Two giants of the legal profession have clashed over the issue of legal aid funding.

In a speech, Professor Michael Zander  said that legal aid funding ‘will still be better then practically any other country in the world’ even after the cuts.

But the leading human rights barrister, Michael Mansfield QC latched onto the comments, saying: ‘It’s a myth to suppose that we are amongst the best-funded systems in the world.’

Mansfield said: ‘England has the best system in the sense that there are committed publicly funded lawyers but what he [Zander] does not appreciate is that those publicly funded lawyers cannot go on in the situation there are in.’

Zander, who was speaking at a launch event at Winchester University, said the cuts were terrible and would almost certainly damage the quality and quantity of criminal legal aid.

‘I am as worried as anyone about this development. I was living in the belief that this would not happen, that although civil legal aid may be cut, criminal legal aid was sacrosanct.’

But the cuts ‘do not detract from the fact that our legal aid system is amazing. So I’m gloomy but not in despair.’

Zander continued: ‘Will lawyers doing criminal legal aid work earn quite as much as they did before? Clearly not.

‘Will some of the top people, some of the QCs making a lot of money from criminal legal aid, drift off to other work? Well there isn’t any obvious other work that they can do.’

Zander said Chris Grayling’s actions were politically understandable: ‘If I was the Secretary of State, and was told by the Treasury, that I had to achieve a 20% cut then would I have done the same? Possibly.’

But Mansfield attacked government priorities: ‘We shouldn’t be spending money on wars that we shouldn’t be fighting in the first place.’

‘I am not going to be constantly browbeaten on the basis that we don’t have the money. If we want to spend money bombing the hell out of somewhere suddenly we’ve got the money.’

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Profile photo of Christina Michaels About Christina Michaels
Justice Gap reporter and journalism student at the University of Winchester

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2 Comments

  • Kushal Sood October 28, 2013 5:08 pm

    To repeat the tired mantra to which there has been no response whatsoever, legal aid cuts will cost more than they save. Harping on about the generosity of our legal aid system in relation to other countries is simply nonsensical. The Govt started this ostensibly worthwhile line of defence, until they were gently informed that civil jurisdictions were not meaningfully comparable. So they shifted tack and Lord McNally hastily clarified that the Govt’s intention was always to compare our spends with other common law jurisdictions. But even this comparison ignores other social and economic problems that come with cuts. Prison numbers increase, mental health referral options are missed, disenfranchised prisoners are released without adequate resettlement plans, only to commit crime again. Costs thus appear elsewhere. Evidence in New Zealand and Australia validates this. The Govt are demonstrating consistent inability to factor in these costs, as the Treasury have tasked each Department with target cost reductions, so targets met can masquerade as something more meaningful. A true impact assessment is a must before any cuts are effected; it is just a shame nobody important has grasped this fact.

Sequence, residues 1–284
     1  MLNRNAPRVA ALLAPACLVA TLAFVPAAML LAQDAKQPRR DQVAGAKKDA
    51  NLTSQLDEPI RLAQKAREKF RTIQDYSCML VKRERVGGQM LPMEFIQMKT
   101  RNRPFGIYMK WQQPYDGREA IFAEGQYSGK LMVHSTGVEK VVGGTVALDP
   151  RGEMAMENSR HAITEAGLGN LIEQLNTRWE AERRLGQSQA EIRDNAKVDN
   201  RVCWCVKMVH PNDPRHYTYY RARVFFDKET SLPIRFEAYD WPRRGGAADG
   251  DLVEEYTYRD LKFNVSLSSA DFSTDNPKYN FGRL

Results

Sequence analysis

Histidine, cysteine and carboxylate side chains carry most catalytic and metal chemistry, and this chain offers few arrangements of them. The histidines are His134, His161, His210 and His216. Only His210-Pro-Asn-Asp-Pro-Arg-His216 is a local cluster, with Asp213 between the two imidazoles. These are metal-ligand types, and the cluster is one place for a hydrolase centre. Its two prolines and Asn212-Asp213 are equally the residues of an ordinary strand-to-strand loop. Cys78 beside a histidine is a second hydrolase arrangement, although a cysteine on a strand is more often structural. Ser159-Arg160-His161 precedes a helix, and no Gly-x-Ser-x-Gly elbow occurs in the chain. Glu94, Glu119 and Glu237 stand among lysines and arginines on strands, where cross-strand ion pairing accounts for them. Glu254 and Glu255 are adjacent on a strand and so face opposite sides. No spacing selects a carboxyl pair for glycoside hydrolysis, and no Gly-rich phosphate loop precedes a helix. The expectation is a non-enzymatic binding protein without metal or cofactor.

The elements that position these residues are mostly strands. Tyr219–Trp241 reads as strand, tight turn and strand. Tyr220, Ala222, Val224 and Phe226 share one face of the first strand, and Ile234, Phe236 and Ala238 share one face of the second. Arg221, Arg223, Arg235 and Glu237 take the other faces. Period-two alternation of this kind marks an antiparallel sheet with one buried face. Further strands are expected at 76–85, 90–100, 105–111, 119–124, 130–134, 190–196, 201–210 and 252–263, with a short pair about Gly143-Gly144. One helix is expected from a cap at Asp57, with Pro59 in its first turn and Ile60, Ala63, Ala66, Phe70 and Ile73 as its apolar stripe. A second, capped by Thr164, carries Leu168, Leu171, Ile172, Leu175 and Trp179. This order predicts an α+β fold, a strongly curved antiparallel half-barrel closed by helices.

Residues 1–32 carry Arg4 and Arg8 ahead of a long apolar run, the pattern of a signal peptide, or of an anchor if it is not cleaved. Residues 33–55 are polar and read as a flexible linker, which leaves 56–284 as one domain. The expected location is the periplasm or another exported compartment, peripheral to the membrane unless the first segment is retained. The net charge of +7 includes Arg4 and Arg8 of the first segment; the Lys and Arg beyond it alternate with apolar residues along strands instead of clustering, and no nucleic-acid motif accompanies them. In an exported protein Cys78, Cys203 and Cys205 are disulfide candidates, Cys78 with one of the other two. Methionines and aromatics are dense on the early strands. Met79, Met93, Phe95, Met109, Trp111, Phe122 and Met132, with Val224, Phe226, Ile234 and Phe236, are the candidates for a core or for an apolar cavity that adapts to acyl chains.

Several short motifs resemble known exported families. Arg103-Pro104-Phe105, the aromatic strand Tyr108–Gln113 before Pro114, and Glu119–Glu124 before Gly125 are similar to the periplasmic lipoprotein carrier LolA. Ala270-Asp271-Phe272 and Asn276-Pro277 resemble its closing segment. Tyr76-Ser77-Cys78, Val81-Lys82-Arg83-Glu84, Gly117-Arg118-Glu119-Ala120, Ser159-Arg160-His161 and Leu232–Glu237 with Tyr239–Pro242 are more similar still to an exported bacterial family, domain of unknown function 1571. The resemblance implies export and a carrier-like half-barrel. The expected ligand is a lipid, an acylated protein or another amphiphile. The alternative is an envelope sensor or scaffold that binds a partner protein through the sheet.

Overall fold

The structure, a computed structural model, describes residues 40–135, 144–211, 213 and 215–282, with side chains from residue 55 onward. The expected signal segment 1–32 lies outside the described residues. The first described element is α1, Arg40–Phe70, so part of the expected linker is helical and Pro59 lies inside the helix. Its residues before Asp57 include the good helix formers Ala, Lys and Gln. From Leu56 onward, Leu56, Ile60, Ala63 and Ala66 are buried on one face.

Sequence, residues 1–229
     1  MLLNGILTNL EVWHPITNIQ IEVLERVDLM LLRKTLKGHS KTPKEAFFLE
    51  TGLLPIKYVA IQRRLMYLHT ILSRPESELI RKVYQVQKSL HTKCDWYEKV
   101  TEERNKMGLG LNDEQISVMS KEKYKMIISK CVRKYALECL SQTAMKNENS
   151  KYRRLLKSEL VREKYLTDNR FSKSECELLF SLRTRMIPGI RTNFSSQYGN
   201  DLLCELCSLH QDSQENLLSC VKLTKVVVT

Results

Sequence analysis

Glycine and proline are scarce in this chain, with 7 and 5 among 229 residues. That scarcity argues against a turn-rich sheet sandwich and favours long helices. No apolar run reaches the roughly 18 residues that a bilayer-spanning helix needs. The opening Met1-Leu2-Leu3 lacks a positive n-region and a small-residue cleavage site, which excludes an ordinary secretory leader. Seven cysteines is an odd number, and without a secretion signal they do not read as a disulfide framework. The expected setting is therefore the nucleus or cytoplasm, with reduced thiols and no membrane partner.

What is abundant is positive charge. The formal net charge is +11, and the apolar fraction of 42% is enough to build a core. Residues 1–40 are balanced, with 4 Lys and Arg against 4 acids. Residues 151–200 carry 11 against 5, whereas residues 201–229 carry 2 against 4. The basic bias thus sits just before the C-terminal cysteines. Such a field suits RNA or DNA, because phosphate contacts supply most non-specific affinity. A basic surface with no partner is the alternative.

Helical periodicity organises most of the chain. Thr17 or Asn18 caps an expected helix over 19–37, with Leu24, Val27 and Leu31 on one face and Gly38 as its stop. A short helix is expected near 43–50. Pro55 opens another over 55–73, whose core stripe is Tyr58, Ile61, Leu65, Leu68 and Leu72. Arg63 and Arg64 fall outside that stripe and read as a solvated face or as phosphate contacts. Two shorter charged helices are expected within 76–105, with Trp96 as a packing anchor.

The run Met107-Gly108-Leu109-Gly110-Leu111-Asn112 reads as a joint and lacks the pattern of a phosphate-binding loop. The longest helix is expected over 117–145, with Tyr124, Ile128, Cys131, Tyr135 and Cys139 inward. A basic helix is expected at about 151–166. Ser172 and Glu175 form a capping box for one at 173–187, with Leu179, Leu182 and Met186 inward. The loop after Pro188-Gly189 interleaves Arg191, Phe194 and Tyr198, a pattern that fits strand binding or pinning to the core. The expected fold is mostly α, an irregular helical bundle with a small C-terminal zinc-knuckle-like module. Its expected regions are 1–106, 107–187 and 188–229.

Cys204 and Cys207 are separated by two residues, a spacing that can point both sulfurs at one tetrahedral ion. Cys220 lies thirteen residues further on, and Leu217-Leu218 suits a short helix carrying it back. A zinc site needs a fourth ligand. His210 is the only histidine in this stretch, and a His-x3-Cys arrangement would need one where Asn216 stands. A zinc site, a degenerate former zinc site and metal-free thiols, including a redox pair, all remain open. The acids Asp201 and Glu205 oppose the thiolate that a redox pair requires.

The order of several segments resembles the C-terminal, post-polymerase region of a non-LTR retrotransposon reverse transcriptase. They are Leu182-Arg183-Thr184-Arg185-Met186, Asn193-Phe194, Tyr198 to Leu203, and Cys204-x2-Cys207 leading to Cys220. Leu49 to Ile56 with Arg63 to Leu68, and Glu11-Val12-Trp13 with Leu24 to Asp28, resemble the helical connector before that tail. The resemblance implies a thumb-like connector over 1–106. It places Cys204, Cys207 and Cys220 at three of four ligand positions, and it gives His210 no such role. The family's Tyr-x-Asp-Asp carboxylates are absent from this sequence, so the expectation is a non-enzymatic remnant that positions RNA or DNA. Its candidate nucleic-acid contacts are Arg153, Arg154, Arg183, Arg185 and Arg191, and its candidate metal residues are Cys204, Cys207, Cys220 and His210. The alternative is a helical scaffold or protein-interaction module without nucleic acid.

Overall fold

• Kushal Sood October 28, 2013 5:50 pm

    To repeat a tired mantra, legal aid cuts will cost more than they save. The Treasury led savings targets will not actually save. Lords Neuberger, Carlisle, Hope and Bach are among the growing chorus of distinguished commentators to lend their voices to this collective assertion. To compare our legal aid budget to other countries in simply nonsensical. At first the comparison used examples of other European countries. When the Govt were gently reminded that comparisons with Civil jurisdictions were meaningless, they agreed and clarified that they had meant to compare our spends with common law jurisdictions. Fair play, easy to get France and New Zealand mixed up, if you’re a small child.

    But comparison with common law jurisdictions is equally meaningless. What about other variables, like crime rates, prison population and spending on other public services? Mr Mansfield QC uses the example of MoD spending, but there is spending that results from cuts. What about that? Evidence in New Zealand and Australia, amongst other common law jurisdictions, gives weight to idea that if you cut vital services, costs appear elsewhere. A proper impact assessment phasing in these costs is easy to commission; it is only political will that is lacking.

    Ignoring Coalition partners, the JCHR, over 100,000 signatures, 16,000 consultation responses and countless opposition from distinguished intellectuals, in favour of a misguided ideology appears to be Chris Grayling’s way.

    Those who, like Chris Grayling, feel sick at the idea of enfranchising prisoners and immigrants, even if this results in savings and social good, cling desperately at their right to disenfranchise. I hope there are enough people in Govt, now and in the future, who can suspend this base inclination, in favour of a measured approach to cuts.

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